And their new favorite thing to do together? Clean up their mess to surprise me!
Yes, “for real,” as Pickle would say. Don’t hate me; I don’t even know how this became a regular thing, but you won’t find me complaining about this new “game” of theirs, where they would disappear for a long while together, then they’d come find us, have us close our eyes while they led us to their bedroom, the living room or playroom and yell: “SURPRISE!”
We would find toys and craft items back in their spots, books put away, beds made, clothes in hampers...it’s the best kind of surprise, and I love that both parties actually derive so much pleasure from this. For me, I’m just so delighted and grateful for their effort, and for them, they’re just so proud of their contribution and happy to see us happy.
Today, Little Miss trembled with excitement as they led me to their bedroom, where Pickle gleefully announced, “Ta-dah! We cleaned our room!” but immediately added: “But don’t look under our beds!”
Fair enough. I didn’t. With six- and three-year-olds, you figure out pretty quickly to steer clear of the gift horse’s mouth.
Here’s another thing that blew me away today. Remember how I always long for them to play outside? Today, after running in circles around me in the afternoon and jumping over hurdles that they had purposely made for themselves in the living and dining rooms, I finally kicked them out of the house. “If you want to run around and play, get your shoes and jacket on, and do it outside!” Like normal kids, I added in my head.
After some minor protesting, they did comply. The clear blue sky was a little deceptive; no matter how beautiful it looked, it was still a little chilly. I expected them to come back in within five minutes, whining about the cold. But they didn’t. In fact, they stayed outside for what felt like hours, and played and played and played and played. Who are these kids???!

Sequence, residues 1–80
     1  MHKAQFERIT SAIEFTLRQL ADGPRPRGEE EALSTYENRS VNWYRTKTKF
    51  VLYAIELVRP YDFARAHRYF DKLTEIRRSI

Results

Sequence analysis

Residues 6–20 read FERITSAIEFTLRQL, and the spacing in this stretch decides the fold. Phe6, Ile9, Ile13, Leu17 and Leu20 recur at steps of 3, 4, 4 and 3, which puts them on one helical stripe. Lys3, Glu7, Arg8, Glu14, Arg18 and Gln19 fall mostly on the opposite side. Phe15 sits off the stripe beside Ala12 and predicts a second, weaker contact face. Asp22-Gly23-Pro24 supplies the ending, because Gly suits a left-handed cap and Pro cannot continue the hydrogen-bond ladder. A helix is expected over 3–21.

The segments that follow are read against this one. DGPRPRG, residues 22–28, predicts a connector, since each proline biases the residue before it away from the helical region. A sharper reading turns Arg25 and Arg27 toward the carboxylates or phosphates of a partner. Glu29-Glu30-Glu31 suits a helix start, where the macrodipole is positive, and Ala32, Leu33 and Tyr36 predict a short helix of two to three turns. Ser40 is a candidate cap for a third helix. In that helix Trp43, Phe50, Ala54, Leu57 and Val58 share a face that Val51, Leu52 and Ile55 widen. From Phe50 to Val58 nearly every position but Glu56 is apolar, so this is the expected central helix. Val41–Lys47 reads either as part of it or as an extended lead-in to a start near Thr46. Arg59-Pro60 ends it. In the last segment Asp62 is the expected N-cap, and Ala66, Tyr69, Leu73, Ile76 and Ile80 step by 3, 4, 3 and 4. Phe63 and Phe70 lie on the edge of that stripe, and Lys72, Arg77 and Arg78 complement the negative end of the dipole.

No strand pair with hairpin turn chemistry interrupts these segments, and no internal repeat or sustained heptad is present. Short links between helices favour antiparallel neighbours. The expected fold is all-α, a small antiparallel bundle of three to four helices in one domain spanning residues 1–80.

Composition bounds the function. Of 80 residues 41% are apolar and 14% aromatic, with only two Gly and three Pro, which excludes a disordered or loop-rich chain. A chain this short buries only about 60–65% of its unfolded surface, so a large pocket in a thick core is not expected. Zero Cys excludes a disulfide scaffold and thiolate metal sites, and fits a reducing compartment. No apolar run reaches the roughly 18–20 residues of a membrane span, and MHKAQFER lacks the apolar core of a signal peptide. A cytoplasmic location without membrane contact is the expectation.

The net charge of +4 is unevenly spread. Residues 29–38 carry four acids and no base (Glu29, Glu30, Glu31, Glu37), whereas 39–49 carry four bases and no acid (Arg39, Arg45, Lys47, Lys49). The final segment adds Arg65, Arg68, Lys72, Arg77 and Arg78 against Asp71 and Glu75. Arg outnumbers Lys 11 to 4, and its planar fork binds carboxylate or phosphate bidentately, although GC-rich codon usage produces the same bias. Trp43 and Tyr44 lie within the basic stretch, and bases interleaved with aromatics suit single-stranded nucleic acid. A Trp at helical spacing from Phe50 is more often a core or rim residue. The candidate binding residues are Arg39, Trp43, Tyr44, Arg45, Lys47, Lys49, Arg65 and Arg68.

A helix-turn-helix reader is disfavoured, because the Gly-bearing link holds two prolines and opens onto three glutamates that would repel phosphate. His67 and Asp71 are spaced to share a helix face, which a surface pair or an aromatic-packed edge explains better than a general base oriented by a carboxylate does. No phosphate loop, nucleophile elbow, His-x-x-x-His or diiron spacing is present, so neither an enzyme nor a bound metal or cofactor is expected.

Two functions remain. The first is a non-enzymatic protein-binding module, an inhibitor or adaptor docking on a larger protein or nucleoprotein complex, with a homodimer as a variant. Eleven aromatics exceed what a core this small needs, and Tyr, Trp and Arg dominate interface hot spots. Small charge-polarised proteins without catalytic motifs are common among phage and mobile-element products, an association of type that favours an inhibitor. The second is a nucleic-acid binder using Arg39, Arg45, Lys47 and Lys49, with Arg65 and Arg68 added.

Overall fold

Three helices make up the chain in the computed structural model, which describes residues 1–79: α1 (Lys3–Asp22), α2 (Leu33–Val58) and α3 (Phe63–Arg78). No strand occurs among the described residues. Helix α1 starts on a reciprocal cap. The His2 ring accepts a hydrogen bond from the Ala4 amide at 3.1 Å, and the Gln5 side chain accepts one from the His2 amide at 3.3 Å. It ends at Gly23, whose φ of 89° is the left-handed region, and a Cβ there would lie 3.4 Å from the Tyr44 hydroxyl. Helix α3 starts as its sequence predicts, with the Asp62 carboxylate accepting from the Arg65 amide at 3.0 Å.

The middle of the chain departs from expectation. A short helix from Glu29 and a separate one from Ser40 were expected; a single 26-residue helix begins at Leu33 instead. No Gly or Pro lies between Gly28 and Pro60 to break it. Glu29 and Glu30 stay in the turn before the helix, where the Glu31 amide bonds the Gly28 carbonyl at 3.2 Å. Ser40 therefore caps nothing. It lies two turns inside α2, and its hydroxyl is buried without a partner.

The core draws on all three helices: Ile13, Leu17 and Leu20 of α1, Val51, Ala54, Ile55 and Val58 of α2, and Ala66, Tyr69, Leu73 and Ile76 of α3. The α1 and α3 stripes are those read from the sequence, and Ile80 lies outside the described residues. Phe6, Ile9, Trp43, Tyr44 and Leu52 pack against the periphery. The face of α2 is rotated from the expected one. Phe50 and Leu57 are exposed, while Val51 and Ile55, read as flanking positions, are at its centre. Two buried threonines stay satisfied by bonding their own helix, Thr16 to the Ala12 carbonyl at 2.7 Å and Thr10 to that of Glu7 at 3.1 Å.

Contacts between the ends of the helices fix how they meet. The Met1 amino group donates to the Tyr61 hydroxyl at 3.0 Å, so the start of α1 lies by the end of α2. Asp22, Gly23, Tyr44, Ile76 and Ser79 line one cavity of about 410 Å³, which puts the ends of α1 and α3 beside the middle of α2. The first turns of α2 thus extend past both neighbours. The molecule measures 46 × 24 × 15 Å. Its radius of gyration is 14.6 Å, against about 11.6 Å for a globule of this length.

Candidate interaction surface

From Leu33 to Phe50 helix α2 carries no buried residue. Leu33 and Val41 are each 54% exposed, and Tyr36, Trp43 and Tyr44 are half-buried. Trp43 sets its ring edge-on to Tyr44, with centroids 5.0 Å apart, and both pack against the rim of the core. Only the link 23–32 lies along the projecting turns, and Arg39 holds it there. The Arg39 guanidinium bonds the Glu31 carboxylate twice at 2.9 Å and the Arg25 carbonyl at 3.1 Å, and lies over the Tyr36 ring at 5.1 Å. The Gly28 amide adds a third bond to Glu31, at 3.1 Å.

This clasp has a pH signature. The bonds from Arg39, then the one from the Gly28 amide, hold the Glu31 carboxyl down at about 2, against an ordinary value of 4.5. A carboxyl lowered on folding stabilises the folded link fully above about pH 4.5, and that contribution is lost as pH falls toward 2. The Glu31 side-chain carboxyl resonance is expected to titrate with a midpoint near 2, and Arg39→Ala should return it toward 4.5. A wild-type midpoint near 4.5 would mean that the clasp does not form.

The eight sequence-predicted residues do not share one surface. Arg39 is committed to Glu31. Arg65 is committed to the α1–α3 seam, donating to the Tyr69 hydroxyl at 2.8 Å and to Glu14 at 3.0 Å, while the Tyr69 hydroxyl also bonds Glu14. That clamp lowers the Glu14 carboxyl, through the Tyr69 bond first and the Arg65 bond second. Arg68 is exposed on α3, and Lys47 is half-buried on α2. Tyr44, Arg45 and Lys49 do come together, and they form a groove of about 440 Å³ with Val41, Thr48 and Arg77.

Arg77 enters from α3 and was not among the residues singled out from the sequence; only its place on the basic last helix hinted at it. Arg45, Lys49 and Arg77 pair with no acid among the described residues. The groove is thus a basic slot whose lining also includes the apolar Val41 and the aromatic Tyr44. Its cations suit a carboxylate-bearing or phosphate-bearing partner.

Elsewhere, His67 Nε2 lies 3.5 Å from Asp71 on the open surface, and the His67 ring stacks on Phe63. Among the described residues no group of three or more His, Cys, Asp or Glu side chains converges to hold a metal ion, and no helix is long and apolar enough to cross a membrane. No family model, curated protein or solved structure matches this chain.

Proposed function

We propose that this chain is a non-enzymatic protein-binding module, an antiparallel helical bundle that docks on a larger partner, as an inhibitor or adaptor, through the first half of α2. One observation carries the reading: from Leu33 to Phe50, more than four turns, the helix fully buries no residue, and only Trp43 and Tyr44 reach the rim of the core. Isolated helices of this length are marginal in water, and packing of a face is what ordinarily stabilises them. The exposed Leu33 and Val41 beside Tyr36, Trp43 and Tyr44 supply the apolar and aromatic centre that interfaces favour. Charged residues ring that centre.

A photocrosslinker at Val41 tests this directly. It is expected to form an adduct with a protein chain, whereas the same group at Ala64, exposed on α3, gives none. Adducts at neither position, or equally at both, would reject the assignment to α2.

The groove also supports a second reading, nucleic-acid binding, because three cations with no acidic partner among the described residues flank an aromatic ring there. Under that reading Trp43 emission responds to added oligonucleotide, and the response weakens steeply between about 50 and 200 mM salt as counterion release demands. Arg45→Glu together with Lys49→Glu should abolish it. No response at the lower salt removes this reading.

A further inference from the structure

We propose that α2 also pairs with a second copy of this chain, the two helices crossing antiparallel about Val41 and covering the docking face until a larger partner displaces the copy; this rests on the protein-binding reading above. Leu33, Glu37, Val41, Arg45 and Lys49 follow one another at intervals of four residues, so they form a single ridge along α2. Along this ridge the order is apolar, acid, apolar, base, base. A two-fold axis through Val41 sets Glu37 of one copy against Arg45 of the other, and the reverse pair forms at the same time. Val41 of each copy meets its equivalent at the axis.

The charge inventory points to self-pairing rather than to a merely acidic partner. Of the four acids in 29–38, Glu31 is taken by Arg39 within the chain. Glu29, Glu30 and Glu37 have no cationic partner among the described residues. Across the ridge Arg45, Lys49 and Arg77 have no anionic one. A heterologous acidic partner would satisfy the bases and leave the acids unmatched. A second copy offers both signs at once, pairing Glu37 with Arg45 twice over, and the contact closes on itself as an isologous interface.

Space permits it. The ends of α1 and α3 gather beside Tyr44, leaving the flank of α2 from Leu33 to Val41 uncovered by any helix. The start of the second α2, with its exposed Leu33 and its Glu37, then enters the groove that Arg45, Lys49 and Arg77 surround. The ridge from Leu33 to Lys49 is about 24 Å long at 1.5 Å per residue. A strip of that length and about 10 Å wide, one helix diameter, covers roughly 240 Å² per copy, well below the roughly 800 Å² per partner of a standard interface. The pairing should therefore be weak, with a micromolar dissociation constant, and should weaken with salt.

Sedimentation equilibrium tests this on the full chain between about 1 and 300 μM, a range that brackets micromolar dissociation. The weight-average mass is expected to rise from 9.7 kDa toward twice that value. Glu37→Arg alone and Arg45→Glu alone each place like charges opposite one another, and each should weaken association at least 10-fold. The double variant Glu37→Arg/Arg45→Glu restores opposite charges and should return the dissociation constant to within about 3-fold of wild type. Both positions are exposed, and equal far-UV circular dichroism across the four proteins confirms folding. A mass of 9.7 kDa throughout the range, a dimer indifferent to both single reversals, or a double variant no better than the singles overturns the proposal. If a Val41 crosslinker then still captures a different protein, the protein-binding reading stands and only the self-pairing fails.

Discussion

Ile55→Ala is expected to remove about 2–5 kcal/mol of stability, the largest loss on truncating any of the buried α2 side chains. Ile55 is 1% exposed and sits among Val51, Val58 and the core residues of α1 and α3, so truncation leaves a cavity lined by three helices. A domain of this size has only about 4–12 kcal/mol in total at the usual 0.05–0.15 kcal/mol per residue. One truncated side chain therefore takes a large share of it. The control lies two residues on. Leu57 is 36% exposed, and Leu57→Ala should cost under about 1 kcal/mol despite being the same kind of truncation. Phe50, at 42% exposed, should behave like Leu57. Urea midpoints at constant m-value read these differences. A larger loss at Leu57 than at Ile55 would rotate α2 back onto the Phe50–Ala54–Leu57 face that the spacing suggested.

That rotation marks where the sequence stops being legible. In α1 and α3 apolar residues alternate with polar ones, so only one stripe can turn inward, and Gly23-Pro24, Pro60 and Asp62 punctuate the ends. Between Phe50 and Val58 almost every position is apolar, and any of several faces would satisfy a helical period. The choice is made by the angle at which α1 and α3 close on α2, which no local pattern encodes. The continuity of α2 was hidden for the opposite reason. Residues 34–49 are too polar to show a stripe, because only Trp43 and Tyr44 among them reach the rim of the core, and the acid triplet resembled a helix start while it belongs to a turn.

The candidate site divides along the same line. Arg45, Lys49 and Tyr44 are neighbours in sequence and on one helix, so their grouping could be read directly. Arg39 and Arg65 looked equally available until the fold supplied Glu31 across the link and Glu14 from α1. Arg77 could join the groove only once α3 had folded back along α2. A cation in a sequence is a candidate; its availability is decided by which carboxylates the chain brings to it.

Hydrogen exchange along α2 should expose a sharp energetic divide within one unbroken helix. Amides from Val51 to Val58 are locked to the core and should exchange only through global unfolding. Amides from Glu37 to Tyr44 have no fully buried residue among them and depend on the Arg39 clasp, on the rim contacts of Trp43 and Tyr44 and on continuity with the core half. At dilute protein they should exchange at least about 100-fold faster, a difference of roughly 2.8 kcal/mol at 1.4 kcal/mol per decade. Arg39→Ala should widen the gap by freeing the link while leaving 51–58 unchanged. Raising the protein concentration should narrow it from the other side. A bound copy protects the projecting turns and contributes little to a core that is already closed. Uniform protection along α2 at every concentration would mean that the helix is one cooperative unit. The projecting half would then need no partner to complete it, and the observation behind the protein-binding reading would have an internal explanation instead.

My view of them just hanging out in the front yard from where I was working; don’t mind the phone reflection – I never claimed I was a pro photographer.
In the evening, at their bedtime, they crawled into bed by 7:15PM, and after I shut their bedroom door behind me, no one called out to me or came back outside to use the bathroom, to have more water, to give me one last hug, to ask “what’s that sound?”, to check if daddy’s home yet. On a day where they played hard, they also crashed hard.
I’d like to call this a miracle of a day, but really, if I think about it, a lot has to do with the fact that the girls are getting older. As much as it pains me to see that cute baby part of them go, on days like this, having older, independent kids completely saved the day. They had a wonderful time away from school, and I got my work done.
“I think we’re finally reaching that sweet spot,” My Guy said to me, “The girls are getting to the age where they’ll give us five or six really good years of being pretty cool kids.”
Curious, I asked: “Five or six? Why just five or six?”
“Well, then they become teens.”
“Oh. Right.” Tumultuous, tempestuous teens. Shudder.
But let’s not get ahead of ourselves here. If the next five or six years will give us more days like today, I’m going to enjoy the hell out of them first.